The Kid From The Big Apple would not have been the same without Tan Qin Lin, 11, as the titular kid, and Jason Tan, 14, as Jia Bao, the cheeky boy who lives next door to her. Although this was their first feature film, the two kids are the true stars of the film.
Director Jess Teong took almost two years to cast the role of Sarah. Filming was supposed to start filming in 2013, but she decided to hold out until she could find an actress who could fulfil her criteria for Sarah.
“My first criteria was that she had to be fluent in Mandarin and English,” she said. “Secondly, I didn’t want an actress who was too technical in her acting. I wanted someone who was natural.”
Teong’s third criteria was that the child should be independent, and not have her parents hovering around all the time. “Finally, she had to have perfect teeth! Because when Sarah is first introduced, you’ll really dislike her because she is so rude. But at one point, she needs to be able to make the audience like her, and one of the ways to do that, was to have a good smile, to melt peoples’ hearts!”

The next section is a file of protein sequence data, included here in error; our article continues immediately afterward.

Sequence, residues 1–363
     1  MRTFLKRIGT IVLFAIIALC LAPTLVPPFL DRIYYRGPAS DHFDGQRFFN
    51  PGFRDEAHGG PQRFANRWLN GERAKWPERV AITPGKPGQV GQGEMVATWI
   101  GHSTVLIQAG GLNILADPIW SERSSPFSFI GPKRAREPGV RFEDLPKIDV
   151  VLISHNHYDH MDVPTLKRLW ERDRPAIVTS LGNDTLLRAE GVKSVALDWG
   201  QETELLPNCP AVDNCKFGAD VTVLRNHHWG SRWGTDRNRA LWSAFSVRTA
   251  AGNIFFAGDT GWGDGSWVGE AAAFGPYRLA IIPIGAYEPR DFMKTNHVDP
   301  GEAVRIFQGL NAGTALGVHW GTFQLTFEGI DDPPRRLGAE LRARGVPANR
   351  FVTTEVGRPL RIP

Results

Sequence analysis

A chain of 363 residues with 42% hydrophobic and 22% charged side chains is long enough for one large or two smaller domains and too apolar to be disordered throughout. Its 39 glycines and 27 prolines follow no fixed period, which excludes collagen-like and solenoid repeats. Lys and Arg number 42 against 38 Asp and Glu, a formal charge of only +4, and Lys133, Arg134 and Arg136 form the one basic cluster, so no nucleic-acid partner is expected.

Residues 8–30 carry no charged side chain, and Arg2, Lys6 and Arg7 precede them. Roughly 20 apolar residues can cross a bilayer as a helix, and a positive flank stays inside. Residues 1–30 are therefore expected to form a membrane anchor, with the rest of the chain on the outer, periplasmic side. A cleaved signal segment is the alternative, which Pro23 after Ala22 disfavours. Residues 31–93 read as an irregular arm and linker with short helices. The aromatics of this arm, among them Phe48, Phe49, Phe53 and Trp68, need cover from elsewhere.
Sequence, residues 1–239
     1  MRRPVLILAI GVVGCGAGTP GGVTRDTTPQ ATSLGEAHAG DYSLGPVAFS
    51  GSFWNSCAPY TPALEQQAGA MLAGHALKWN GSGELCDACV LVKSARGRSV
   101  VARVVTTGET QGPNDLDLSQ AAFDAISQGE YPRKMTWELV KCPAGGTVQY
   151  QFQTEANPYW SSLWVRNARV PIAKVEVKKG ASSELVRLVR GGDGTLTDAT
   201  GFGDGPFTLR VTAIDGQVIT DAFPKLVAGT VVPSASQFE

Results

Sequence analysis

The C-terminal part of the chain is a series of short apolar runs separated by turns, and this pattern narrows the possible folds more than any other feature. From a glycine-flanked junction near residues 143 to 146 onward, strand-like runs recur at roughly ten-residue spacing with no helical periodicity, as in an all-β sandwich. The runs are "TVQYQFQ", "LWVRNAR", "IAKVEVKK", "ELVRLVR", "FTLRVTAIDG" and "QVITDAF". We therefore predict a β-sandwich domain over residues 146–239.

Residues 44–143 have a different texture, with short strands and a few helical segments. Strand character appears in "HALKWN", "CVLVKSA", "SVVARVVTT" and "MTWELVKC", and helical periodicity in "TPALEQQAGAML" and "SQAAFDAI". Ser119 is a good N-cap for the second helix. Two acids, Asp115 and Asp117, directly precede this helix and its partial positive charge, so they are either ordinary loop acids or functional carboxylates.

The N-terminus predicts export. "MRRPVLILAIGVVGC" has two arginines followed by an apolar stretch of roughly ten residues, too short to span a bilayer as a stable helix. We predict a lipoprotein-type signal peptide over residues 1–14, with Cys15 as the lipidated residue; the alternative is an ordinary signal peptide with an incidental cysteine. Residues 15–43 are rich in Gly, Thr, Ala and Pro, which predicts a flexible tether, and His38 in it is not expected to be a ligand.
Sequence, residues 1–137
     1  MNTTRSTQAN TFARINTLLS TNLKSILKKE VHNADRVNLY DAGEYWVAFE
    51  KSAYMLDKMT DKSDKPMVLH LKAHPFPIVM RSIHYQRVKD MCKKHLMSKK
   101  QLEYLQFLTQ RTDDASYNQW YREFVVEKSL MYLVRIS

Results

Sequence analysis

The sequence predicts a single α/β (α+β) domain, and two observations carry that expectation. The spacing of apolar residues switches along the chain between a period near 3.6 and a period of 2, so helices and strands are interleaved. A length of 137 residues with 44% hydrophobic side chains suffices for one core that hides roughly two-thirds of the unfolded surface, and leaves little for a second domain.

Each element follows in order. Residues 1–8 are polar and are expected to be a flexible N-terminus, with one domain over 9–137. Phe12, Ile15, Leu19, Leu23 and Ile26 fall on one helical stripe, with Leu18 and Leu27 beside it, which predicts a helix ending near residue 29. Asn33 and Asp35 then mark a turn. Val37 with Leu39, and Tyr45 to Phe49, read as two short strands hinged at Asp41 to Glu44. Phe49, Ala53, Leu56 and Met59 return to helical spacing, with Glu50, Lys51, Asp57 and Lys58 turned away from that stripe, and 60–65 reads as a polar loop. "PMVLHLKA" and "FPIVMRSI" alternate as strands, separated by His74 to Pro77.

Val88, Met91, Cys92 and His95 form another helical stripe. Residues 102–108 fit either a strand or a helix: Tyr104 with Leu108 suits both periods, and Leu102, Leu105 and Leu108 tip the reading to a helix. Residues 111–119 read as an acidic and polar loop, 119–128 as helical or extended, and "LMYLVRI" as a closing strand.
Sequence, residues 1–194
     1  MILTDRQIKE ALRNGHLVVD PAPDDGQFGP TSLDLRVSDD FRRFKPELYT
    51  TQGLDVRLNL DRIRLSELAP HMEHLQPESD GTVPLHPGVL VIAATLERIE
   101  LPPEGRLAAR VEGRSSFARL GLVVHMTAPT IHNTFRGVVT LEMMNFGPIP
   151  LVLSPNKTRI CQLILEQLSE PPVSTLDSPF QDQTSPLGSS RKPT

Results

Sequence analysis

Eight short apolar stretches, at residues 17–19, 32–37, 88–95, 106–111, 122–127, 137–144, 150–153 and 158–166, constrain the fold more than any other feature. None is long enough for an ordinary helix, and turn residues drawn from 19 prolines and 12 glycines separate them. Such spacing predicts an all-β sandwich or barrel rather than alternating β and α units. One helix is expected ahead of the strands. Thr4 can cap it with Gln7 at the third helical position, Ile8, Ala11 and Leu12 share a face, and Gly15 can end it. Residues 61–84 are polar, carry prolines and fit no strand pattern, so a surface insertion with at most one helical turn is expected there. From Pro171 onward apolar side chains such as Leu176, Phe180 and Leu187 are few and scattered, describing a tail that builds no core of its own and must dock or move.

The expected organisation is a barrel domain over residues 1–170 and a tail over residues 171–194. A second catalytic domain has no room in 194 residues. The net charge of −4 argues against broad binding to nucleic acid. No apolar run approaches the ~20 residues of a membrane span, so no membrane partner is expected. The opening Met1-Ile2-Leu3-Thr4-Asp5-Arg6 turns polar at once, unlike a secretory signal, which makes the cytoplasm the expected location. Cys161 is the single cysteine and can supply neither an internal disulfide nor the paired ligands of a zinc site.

“My producers kept telling me it was impossible to meet my criteria, but I didn’t want to compromise, so we decided to wait until we found Sarah before we started filming,” she said.
Then, she remembered Qin Lin, whom she had seen in an ntv7 drama series, and decided to track her down.
“As soon as she walked in, I knew we had found Sarah,” the director said. “Her personality was perfect for the character, and even though her English was a bit flat at the time, it wasn’t a problem.”
The character of Jia Bao, the next door neighbour’s mischievous son, is also pivotal to the story. In fact, Teong recalled that one of the first things Ti Lung asked when they met was, “Have you found Ah Bao? He is very important!”.
Teong based the character of Ah Bao after her second son, so she had a very specific type of character in mind.
She met Jason during an audition, and he turned out to be perfect for the role. “What I liked about Jason was that he was natural, and he would even improvise his lines to make it natural and funny.
“When we asked him to pretend to do a lion dance, he added his own sound effects!” she recalled, laughing.